A South Indian parrying Saintie
The Indian subcontinent is known for its inventiveness of arms and armour. Combination weapons are often found throughout all parts of India. This rare type of parrying spear is called a ‘Saintie’ and is a short spear with integrated knuckle guard. Parrying weapons like these were often used in conjunction with another weapon, mostly a sword. Basically an all steel spear with an added hilt half way.
South India – 18th century
Materials: Steel, Silver, Velvet, Textile
Antique saintie can be considered incredibly rare. A few are known in museum collections such as the The Metropolitan Museum of Art New York and the Royal Armouries in Leeds. Attributed to both North and South India. Our example has its origin in South India which can be seen in the typical ringed shaft and stretched pattern on the guard. The saintie was commonly used in the 17th century until the first half of the 19th century. Parrying weapons like these were made for close quarter combat, able to trike fast and quickly parry the opponents strike. Although similar examples originate from whole India, I found them only decorated in silver, never in koftgari or gold.
A rather well made piece brought with a strong and heavy spearhead with double cutting edges and a central ridge ending in up in a reinforced tip. The bottom end of the spearhead is decorated with a fine chiseled lotus symbol. The shaft is decorated with silvered vertical rings and the hilt is covered velvet and textile for a more pleasant grip. The lower shaft is ditto decorated with vertical rings ending in a very typical knobbed end. This feature seems to be common on 18th century examples. Older examples are known, among some found in the famous Junagarh Fortress of which held the Bikaner armoury, have slightly shorter, more rounded ends.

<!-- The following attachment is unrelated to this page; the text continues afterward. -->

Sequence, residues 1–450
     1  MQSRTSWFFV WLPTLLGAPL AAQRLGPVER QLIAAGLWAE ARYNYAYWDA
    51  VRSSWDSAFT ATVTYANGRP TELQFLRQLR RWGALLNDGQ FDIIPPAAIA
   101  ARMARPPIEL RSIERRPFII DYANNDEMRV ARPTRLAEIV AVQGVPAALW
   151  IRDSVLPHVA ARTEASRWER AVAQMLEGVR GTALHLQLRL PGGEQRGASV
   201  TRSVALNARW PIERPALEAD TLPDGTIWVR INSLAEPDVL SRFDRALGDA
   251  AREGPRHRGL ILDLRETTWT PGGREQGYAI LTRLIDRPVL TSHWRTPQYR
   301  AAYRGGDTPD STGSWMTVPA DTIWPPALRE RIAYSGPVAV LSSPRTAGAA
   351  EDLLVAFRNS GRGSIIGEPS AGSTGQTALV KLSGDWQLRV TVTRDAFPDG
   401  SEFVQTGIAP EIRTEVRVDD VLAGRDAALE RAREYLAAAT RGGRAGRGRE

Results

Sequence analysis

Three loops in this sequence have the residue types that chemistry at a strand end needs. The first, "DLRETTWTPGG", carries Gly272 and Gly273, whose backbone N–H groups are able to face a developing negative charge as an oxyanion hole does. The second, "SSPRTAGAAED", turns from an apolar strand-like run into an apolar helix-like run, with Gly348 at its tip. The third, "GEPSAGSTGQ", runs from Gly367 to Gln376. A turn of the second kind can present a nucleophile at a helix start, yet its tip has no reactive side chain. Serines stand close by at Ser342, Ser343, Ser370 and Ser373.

Condition: Very good condition, some minor ware on the steel due to age. A good original patina and good quality heavy spearhead.
Total length: 86.5cm
Spearhead length: 14cm
Spearhead thickness: 10mm (At widest point)
Weight: 837 gr.
– G. Cameron Stone’s ‘A glossary of the construction, decoration and use of arms and armour in all countries and in all time” p.536
– R. Reddy ‘Arms and armour of India, Nepal & Sri Lanka’ p.333
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